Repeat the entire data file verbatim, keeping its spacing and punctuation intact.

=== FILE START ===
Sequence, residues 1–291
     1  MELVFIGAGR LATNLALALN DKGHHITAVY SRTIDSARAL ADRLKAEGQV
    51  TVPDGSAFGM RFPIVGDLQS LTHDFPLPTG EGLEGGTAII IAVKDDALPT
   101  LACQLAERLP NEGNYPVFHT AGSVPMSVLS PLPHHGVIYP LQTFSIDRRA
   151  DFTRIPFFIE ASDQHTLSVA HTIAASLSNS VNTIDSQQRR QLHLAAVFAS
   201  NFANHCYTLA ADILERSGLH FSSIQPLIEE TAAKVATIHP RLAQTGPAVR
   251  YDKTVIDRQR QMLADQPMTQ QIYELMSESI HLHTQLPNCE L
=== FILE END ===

Sequence, residues 1–291
     1  MELVFIGAGR LATNLALALN DKGHHITAVY SRTIDSARAL ADRLKAEGQV
    51  TVPDGSAFGM RFPIVGDLQS LTHDFPLPTG EGLEGGTAII IAVKDDALPT
   101  LACQLAERLP NEGNYPVFHT AGSVPMSVLS PLPHHGVIYP LQTFSIDRRA
   151  DFTRIPFFIE ASDQHTLSVA HTIAASLSNS VNTIDSQQRR QLHLAAVFAS
   201  NFANHCYTLA ADILERSGLH FSSIQPLIEE TAAKVATIHP RLAQTGPAVR
   251  YDKTVIDRQR QMLADQPMTQ QIYELMSESI HLHTQLPNCE L